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According to the American Marketing Association, marketing is “the activity, set of institutions, and processes for creating, communicating, delivering and exchanging offerings that have value for customers, clients, partners, and society at large.”

Put much more simply, marketing is the process of getting people interested in buying your company’s products or services. Marketing, of course, is most successful when you’re clear about which people are likely to have an interest in your products or services at all.


Before you can create marketing materials that will successfully sell your products or services, you need to be crystal clear about who you are selling to. Who is your target audience? Who do you believe will buy your product or services?

It’s hard to succeed if you don’t know who you are selling to

A classic example of a product that failed because its developers never clearly defined its target audience is the Segway. This two-wheeled transportation device came on the market with incredible fanfare in 2002. It was going to be a game-changer! Everyone would want one! Sales would explode! But this never materialized, because nobody inherently needed a Segway.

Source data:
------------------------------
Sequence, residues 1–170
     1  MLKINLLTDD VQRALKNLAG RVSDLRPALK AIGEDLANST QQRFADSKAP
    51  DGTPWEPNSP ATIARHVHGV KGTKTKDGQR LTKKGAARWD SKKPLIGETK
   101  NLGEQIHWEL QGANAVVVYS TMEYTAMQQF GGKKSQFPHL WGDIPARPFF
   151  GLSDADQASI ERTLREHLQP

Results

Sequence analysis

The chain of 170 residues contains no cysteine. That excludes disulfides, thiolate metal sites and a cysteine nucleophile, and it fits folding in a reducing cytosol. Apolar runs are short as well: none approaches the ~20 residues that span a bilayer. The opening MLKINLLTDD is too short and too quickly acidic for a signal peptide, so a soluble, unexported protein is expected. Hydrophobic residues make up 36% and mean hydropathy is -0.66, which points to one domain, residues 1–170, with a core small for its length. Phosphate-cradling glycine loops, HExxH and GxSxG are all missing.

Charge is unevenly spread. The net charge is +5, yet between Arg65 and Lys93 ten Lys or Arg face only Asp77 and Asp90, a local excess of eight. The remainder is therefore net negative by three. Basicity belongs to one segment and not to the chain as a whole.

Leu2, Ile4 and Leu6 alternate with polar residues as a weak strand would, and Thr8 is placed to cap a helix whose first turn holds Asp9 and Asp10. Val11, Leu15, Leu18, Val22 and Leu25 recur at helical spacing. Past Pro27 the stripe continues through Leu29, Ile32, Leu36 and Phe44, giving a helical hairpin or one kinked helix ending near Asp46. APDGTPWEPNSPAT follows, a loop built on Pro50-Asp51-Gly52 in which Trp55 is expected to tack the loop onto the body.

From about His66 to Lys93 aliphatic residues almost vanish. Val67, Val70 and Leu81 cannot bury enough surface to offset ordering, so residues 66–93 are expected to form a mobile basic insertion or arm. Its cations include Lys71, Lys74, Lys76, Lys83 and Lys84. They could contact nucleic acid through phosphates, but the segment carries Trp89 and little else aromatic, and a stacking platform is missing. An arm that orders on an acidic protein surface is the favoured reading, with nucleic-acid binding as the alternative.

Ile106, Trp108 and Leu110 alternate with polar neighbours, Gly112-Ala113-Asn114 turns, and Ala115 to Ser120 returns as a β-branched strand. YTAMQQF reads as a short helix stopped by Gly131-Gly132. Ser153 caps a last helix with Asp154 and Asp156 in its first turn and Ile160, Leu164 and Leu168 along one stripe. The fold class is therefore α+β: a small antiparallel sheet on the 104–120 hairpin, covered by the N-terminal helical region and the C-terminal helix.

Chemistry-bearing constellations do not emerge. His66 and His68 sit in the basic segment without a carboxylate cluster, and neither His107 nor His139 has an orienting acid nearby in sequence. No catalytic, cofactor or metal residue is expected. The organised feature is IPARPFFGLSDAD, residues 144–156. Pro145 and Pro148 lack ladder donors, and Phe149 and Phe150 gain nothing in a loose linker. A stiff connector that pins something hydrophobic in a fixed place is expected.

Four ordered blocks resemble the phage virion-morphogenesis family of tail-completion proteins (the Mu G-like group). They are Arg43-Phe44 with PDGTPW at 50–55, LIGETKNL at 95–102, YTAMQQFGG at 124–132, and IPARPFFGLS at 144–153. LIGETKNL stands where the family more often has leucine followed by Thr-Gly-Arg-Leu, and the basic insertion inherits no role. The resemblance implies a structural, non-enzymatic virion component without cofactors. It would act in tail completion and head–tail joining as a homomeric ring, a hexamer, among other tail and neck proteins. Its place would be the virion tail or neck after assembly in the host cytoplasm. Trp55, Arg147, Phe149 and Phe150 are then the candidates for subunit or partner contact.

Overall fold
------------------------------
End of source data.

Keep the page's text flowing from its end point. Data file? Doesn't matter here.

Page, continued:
Everyone will not be interested in your product

What I’ve seen is that when someone first launches a business, they are so excited about their product that they think everyone will want to have it. Then, as they get out into the market, they realize that this is definitely not the case. No matter how wonderful your products or services are, some people simply won’t be interested—even if you are giving it away for free.

Your target audience wants a solution

People will buy a product because they believe it will solve a problem that they have, meet their needs or improve their life in some way. Your target audience consists of the people who have a big enough problem or need that they are willing to spend money to do something about it…and have the money to do so.

One way to define your target audience is therefore to define the problems that your company solves and then identify who currently has that problem that is willing and able to spend money to resolve it. Not everyone, but a clearly defined group of prospective customers for you to market to.

What Others Are Saying

"Geez, Linda, you sure write well!"

Ray Johnston
President, Lido Property Management